The cast, beyond Bernthal, is a wonderful ensemble, with Ebon Moss-Bachrach a true standout in his portrayal of Micro. As David Leiberman, Moss-Bachrach injects a more grounded, reasonable character into the action to help balance Frank's nearly constant intensity. When the pair shares the screen together their friendship feels genuine and makes their bond all the more powerful. Perhaps even more crucial is how organically and realistically Micro comes to understand Frank's perspective and embrace it, at least in part. Again, The Punisher doesn't shy away from showing the dark places that people can go. It's very believable that a desk jockey like Micro could see the muck of humanity and feel that, sometimes, the only response is to meet it with violence. That doesn't mean anyone has to agree with him or Frank, but it also doesn't mean that it's wrong to portray characters who have this opinion.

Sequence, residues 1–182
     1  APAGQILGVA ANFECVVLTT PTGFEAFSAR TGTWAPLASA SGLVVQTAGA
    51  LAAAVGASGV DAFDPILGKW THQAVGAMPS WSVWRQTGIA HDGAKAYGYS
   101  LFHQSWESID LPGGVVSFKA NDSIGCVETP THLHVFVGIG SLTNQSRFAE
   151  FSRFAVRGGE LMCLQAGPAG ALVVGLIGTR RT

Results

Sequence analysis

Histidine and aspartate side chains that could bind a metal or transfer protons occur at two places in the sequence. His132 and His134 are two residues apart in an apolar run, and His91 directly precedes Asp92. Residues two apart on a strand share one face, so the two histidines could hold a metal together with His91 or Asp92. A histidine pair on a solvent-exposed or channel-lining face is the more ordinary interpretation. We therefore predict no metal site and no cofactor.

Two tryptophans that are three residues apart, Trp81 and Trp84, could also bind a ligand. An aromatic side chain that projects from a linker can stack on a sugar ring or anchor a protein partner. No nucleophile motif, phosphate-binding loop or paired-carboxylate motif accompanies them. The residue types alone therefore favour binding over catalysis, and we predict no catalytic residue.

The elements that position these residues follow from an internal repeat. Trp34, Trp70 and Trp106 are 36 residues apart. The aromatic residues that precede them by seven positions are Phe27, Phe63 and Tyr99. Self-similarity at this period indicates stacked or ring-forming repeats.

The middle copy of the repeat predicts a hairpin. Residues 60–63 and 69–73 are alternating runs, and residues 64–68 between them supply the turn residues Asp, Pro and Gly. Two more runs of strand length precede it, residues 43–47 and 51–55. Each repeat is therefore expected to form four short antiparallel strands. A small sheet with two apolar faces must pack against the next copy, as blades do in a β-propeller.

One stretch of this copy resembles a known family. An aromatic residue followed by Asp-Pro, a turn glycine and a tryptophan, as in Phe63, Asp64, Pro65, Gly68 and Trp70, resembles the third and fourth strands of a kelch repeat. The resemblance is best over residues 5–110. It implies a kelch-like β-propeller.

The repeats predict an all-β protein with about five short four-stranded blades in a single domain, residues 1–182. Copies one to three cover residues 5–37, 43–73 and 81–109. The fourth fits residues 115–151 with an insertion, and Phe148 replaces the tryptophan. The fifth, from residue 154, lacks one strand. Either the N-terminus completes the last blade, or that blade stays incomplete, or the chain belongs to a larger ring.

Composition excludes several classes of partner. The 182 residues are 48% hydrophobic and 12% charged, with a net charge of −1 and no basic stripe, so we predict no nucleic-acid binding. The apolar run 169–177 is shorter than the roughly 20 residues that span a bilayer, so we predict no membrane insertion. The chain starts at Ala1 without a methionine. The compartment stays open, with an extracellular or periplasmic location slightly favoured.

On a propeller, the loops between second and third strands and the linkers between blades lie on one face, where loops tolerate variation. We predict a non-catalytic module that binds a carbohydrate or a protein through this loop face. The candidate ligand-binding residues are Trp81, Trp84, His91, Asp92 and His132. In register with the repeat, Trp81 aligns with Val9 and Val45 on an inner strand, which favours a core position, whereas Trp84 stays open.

The weakest link in this show is the inclusion of Amber Rose Revah's Dinah Madani and Michael Nathanson's Sam Stein. The pair feel like they're bolted on and utterly perfunctory. It also doesn't help that neither actor was all that convincing in their roles. Madani, who chomps up the vast majority of the screen time between herself and Stein, is a major letdown. She plays the now woefully typical clueless Marvel/Netflix "cop" who bounces around all season only to, in the eleventh hour, side with whichever hero whose name is on the opening credits scene. I also had a really difficult time rooting for Revah's dry portrayal of the character. There were moments I could barely understand what she was saying, which also didn't help.